BAGHDAD – U.S. soldiers killed 14 suspected Shiite militants in Baghdad, the military said Saturday, as clashes continued in the embattled Sadr City slum and surrounding militia strongholds.
A U.S. helicopter allegedly fired a missile Saturday at an apparent target about 50 yards away from Sadr City's general hospital, wounding about 28 people and damaging at least seven ambulances, hospital officials said.
The U.S. military did not have immediate comment on the alleged strike, but said in a statement that American forces "only engage hostile threats and take every precaution to protect innocent civilians."
Shiite extremists are known to have operated in a building next to the hospital, according to local reporters.
The attack left a crater just outside the concrete barriers of the hospital, AP Television News footage showed. The explosion demolished a brick building and caused damage to several ambulances parked in front of the hospital, television footage showed.
U.S. and Iraqi forces have been locked in street battles with Shiite militias since late March in Sadr City, a slum of 2.5 million people and the base of anti-American Shiite cleric Muqtada al-Sadr's Mahdi Army.
The U.S. military said Saturday that 10 militants were killed in fighting on Friday, including a sniper and a triggerman accused of staging armor-piercing roadside bombs in Sadr City and the adjacent Ubaydi area. U.S. forces used aircraft and an Abrams battle tank in Friday's attack, the military said. Iraqi health officials said about 75 people were wounded in those clashes.
U.S. soldiers killed four militants early Saturday elsewhere in Baghdad, the military said.
The American military also announced Saturday that a U.S. soldier died of wounds sustained in a roadside bomb that struck the soldier's vehicle during a combat patrol in eastern Baghdad on Friday. The announcement comes a day after the military said another roadside bomb attack in eastern Baghdad killed a U.S. soldier.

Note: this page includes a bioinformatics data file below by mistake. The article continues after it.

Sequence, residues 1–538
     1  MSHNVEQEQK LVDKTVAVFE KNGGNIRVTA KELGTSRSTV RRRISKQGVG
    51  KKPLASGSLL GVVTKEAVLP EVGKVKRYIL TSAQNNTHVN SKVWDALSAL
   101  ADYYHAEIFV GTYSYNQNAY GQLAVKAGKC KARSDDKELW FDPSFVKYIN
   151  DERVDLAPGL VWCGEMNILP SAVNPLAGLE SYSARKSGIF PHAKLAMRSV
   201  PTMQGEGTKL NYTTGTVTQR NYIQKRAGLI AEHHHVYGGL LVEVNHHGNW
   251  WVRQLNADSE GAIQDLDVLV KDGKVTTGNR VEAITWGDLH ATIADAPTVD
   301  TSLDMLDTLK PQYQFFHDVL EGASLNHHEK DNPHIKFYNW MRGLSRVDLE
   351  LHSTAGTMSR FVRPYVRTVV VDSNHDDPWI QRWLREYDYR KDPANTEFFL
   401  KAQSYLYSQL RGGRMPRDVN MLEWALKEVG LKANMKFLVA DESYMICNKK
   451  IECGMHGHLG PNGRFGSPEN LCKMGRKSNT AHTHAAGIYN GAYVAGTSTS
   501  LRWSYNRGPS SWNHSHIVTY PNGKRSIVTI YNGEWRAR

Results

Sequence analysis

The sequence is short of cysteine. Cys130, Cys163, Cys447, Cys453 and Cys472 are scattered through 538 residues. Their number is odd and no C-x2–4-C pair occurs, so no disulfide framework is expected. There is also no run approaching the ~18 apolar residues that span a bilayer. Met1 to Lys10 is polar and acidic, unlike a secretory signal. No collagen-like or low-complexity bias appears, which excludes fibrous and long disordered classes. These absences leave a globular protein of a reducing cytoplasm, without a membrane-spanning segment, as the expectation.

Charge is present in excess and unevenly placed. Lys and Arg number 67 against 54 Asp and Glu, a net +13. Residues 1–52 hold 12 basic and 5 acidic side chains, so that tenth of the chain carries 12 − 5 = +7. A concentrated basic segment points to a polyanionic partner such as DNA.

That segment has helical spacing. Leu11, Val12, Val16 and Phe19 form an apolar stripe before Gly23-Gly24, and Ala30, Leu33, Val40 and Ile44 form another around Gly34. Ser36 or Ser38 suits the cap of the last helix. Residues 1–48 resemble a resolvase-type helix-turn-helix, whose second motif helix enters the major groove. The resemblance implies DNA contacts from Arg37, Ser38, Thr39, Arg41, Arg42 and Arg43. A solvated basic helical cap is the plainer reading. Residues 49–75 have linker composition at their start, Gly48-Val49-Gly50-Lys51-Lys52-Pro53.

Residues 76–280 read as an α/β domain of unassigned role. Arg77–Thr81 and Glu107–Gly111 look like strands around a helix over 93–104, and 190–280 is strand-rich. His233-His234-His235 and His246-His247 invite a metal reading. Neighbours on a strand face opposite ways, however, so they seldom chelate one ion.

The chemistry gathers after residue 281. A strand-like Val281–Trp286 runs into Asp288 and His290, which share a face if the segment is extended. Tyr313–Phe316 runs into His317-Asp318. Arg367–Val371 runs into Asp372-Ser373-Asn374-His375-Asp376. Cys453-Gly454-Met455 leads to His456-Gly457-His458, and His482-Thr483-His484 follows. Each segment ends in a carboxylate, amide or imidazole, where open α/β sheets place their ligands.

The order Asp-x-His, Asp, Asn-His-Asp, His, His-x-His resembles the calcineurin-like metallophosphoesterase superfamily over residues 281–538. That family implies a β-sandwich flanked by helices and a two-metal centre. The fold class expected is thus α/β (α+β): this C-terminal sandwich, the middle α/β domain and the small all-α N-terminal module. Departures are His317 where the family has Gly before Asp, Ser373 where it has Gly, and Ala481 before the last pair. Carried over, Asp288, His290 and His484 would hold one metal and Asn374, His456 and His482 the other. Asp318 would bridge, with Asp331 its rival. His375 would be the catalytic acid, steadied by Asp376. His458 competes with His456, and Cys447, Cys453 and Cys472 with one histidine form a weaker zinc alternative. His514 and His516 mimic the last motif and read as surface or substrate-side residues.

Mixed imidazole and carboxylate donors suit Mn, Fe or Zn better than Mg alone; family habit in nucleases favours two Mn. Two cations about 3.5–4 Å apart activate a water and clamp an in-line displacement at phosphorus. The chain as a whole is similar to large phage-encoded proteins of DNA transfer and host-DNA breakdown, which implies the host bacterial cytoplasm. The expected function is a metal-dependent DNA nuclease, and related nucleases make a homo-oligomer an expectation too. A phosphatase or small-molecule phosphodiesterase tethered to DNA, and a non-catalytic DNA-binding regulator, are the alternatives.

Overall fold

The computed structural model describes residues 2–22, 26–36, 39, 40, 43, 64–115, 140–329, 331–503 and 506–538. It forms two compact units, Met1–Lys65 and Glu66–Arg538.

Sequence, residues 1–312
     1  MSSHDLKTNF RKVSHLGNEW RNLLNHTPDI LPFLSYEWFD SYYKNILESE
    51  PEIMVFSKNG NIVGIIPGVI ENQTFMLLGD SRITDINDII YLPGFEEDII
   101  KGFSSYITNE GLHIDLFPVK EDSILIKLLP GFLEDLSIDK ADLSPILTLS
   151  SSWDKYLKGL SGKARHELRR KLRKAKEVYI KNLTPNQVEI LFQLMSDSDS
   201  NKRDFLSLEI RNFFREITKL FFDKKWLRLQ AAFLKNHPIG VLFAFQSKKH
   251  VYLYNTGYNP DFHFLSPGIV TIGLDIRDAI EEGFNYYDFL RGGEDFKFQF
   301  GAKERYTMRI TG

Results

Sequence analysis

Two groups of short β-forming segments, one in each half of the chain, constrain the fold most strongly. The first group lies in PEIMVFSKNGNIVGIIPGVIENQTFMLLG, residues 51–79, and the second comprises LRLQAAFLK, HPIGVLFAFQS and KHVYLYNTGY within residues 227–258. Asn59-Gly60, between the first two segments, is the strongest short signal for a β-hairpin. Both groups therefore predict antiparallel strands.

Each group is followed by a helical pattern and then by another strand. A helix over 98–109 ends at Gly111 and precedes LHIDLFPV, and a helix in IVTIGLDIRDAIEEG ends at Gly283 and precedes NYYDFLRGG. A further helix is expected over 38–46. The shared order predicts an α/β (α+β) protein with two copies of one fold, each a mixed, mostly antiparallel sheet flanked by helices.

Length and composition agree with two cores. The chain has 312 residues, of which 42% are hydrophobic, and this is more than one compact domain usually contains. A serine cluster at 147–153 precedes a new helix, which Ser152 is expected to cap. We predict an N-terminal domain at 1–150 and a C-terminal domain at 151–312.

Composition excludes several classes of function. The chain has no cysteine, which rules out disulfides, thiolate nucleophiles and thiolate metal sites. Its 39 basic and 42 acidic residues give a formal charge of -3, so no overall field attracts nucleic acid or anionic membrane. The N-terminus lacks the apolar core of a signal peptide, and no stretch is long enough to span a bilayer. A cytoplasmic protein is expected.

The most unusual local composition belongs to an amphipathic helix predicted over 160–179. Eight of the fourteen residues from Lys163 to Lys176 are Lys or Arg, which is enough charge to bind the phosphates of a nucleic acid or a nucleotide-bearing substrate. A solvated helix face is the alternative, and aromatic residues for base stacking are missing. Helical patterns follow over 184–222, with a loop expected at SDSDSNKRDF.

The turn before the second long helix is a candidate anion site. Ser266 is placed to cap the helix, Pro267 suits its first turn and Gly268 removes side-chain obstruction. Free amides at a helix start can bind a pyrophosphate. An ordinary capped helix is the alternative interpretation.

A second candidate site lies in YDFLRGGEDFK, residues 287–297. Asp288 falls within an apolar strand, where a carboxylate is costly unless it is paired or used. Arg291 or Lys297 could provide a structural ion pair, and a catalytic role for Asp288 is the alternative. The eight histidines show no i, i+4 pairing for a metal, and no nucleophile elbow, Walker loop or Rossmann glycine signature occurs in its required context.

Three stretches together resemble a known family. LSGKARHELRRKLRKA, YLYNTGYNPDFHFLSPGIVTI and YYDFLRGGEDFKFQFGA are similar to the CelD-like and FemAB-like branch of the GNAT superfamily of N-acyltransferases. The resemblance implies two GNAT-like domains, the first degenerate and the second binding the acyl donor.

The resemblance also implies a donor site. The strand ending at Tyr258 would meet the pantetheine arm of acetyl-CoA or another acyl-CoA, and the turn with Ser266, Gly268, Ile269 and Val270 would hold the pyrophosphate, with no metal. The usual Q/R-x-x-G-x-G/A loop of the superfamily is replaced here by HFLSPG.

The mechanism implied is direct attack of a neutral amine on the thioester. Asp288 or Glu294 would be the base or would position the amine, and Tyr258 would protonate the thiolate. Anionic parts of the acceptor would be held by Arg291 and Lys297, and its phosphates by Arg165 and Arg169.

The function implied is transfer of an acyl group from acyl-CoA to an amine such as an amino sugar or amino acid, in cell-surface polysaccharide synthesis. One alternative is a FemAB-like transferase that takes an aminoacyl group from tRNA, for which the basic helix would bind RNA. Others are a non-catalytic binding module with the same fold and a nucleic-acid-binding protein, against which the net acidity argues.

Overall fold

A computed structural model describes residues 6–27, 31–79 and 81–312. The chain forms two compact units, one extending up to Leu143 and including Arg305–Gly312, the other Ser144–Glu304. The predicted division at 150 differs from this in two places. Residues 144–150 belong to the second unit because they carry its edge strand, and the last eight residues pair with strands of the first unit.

As clashes escalate in Sadr City, Shiite clerics have offered sharply different visions in the showdown between government forces and Shiite militias. One cleric predicted Friday that armed groups will be crushed in Baghdad, and another called for Iraq's prime minister to be prosecuted for crimes against his people.
The contrasting views showed the complexities and risks in the 5-week-old crackdown by the Iraqi government and U.S. forces on Shiite militia factions. The clashes have brought deep rifts among Iraq's Shiite majority and have pulled U.S. troops into difficult urban combat.
But Iraq's Prime Minister Nouri al-Maliki, a Shiite, shows no indication of easing the pressure on militia groups, including the powerful Mahdi Army led by anti-American cleric Muqtada al-Sadr.
Iraqi and U.S. forces are pressing deeper into Sadr City, and al-Maliki has been seeking to increase leverage on Iran, which is accused of training and arming some Shiite militia groups. Iran denies the claims.
A five-member Iraqi delegation was sent to Tehran this week to try to choke off suspected Iranian aid to militiamen.
Meanwhile, two civilians were killed and seven others wounded in Baghdad's central Salihiyah district Friday evening after a mortar round apparently fired by Shiite extremists toward the U.S.-protected Green Zone fell short.
Shiite militiamen have used Sadr City as a base to fire barrages of missiles and mortar rounds at the Green Zone, which houses the U.S. Embassy and much of the Iraqi government.